As the flat season gears up for its ultimate shop window next week with Royal Ascot getting all thirty races live on ITV. writes @Wattyracing
Hundreds of the best horses in the UK, Ireland, Europe and abroad from sprinter to stayer getting trained to perfection for what is arguably the best five day race meeting of the summer you can be forgiven for thinking that this is the only meeting on.
So far this year we have looked at the Number 9 years of Aintree and Epsom and looked back at some of the races, the horses and the jockeys that captured our hearts on the years 1989,1999 and 2009 respectively.
Going through the results from ten years reminded me of another course i was at during the Royal Ascot meeting and it made me both happy and also sad in equal measures.
Ten years ago myself and my dad ventured off for a racing trip to the west coast of Scotland for some racing at much cheaper prices as opposed to the famous Berkshire course, we went to Ayr for a two day meeting that was a Friday evening and a Saturday afternoon affair, the racing wasn’t the classiest far from it but it was nice to see the more lower end of the racing scale.
That evening we had Graham Goode on commentary and even Nick Luck who was on C4 hosting duties the day after strolled in midway through for some races, no doubt before a nice early night to be all bright eyed and bushy tailed for The Morning Line.
As the racing went on, one young jockey whose name had been mentioned as being the next big thing rode a double on the evening, something i do know as i backed them both.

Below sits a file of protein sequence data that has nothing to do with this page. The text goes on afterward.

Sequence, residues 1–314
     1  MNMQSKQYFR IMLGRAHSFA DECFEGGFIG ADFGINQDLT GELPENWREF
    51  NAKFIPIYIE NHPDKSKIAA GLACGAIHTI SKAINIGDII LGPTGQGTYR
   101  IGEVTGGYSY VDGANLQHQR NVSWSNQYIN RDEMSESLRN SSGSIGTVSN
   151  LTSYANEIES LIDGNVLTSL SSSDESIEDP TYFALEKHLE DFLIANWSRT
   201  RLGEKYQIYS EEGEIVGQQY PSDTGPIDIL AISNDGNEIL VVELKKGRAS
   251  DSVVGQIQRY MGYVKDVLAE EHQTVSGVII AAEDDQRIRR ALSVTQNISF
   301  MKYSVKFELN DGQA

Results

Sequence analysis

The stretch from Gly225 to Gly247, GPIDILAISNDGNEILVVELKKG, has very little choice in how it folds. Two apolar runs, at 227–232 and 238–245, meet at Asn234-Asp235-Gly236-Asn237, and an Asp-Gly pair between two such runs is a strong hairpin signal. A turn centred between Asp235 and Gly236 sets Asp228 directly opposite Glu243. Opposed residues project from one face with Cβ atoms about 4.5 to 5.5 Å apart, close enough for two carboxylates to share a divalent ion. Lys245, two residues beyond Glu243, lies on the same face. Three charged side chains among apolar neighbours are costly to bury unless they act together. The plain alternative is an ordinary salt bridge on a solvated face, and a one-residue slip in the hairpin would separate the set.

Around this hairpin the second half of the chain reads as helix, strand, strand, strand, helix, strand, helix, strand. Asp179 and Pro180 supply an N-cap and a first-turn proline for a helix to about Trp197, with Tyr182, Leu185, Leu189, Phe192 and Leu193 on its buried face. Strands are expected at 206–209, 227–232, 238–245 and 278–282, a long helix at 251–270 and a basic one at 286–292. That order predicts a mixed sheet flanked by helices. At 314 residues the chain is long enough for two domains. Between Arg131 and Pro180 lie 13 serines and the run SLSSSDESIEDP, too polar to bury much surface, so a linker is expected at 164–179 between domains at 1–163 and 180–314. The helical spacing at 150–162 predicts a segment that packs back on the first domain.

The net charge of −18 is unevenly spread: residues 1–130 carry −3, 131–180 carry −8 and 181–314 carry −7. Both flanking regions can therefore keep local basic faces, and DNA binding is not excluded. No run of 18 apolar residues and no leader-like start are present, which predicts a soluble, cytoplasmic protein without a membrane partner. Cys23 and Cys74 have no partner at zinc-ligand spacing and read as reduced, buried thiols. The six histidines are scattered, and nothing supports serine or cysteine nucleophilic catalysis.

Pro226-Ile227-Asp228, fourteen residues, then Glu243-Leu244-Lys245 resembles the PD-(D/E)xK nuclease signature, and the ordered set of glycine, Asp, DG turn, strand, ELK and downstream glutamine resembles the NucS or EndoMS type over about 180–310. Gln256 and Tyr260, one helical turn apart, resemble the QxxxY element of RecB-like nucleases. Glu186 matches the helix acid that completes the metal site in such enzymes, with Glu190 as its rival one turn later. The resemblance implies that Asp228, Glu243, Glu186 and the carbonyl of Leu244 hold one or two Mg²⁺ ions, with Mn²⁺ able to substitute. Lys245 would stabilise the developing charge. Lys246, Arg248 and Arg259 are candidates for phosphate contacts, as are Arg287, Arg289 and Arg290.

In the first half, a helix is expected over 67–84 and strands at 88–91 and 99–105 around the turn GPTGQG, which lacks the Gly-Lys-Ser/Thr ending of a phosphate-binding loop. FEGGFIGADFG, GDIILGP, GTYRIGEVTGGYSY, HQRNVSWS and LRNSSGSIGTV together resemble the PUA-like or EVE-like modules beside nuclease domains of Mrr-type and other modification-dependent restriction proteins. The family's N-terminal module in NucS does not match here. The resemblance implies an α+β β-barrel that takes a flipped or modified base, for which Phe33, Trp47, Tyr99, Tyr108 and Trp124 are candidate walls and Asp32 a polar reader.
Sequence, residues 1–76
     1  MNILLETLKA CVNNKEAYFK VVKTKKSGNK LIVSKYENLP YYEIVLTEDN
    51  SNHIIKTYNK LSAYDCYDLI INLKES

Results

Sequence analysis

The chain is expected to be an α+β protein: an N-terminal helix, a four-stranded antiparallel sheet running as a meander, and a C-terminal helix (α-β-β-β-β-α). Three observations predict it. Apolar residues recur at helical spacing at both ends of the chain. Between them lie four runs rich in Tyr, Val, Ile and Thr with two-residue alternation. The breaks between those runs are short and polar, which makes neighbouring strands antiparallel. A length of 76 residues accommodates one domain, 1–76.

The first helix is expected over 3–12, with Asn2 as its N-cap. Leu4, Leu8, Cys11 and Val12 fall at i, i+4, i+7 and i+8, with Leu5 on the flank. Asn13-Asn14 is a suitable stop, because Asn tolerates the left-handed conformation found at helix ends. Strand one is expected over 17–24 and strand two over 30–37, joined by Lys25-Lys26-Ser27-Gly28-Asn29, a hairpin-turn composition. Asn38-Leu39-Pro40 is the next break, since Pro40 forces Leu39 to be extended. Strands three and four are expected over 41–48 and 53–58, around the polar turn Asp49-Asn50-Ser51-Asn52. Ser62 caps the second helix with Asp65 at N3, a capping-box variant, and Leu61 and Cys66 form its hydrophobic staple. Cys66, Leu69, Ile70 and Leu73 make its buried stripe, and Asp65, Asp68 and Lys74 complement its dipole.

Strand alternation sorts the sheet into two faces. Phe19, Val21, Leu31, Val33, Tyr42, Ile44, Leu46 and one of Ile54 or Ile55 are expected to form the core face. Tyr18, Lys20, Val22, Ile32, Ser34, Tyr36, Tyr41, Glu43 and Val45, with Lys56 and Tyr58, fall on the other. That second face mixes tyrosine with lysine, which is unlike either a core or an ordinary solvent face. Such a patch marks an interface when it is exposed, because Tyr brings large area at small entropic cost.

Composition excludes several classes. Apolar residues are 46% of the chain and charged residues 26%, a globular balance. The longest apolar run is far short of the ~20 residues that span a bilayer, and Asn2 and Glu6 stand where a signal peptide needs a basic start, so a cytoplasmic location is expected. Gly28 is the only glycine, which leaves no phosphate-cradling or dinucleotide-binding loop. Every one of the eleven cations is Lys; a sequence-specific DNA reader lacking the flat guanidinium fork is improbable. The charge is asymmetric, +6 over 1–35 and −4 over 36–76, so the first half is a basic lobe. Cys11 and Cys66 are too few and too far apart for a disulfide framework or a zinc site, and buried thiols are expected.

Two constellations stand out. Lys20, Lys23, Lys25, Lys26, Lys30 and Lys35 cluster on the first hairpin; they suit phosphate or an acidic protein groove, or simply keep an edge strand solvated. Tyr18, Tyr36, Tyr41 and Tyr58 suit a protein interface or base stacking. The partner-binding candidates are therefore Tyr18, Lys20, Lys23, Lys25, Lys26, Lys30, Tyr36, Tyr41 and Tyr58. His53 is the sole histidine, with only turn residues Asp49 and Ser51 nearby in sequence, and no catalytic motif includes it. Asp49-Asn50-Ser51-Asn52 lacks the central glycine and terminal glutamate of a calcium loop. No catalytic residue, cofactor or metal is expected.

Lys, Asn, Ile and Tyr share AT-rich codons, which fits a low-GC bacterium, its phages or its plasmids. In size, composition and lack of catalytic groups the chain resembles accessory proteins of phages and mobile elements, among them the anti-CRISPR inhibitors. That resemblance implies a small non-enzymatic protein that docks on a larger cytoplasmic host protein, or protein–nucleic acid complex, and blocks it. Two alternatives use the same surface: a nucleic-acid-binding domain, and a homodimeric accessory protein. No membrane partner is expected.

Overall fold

His name was Jamie Kyne, a young lad only 18 from Galway and at the time was an apprentice with John Quinn, very highly regarded as a jockey and was up in the vanguard for the champion title of the younger jockeys for the 2009 season.
He rode two winners that evening on Tom Tower and Chookie Hamilton and watching them go in you could understand why he was getting high praise for his riding.
Sadly though this was one racing fairytale which had the cruellest of all endings to it, come Saturday 5th September when the days big race was the Group One Haydock Park Sprint Cup, news came through first up on the Morning Line about an arson attack in a flat in Malton, that flat had inside at the time both Jamie Kyne and fellow apprentice jockey Jan Wilson, then during the morning the news everyone had been dreading sadly came true, both of them had lost their lives.
Jamie was meant to have been riding at Haydock Park that day, sadly on an afternoon where many felt too upset about the evil and heinous act that had taken two young lives away, rather than see a potential champion jockey in action with his whole career ahead of him, we were instead stood around the parade ring in silence paying our respects to two people denied a life in a way that is too awful to think about.
After racing that Friday evening at Ayr my father and I retreat back to the bar of The Station Hotel and after a few pints I needed to go and pay the water bill, in the gents I briefly spoke to Tom O’Ryan, an equally much loved and much missed writer and broadcaster of the northern racing scene, Tom spoke highly about Jamie’s ability and at his funeral mass when speaking about Jamie he referred to him as “the son I never had”
Around 350 people turned up for a that funeral mass at St Leonard & St Mary’s Church in Malton before Jamie’s body was taken back to Galway for a private burial, Jan Wilson had her funeral a few days later at Lowson Memorial Parish Church in Forfar.
Who knows how far the pair of them would have gone in the saddle, to have been at Ayr that Friday evening and see Jamie ride in person is something I shall never forget.